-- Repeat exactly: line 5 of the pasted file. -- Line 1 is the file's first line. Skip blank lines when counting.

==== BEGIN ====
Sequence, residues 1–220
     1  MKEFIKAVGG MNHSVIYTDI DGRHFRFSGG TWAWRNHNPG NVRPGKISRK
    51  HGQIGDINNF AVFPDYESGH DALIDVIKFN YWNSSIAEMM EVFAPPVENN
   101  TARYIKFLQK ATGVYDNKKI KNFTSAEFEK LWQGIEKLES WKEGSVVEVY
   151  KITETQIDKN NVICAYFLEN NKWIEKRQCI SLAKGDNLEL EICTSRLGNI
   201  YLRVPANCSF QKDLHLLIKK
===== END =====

   151  KITETQIDKN NVICAYFLEN NKWIEKRQCI SLAKGDNLEL EICTSRLGNI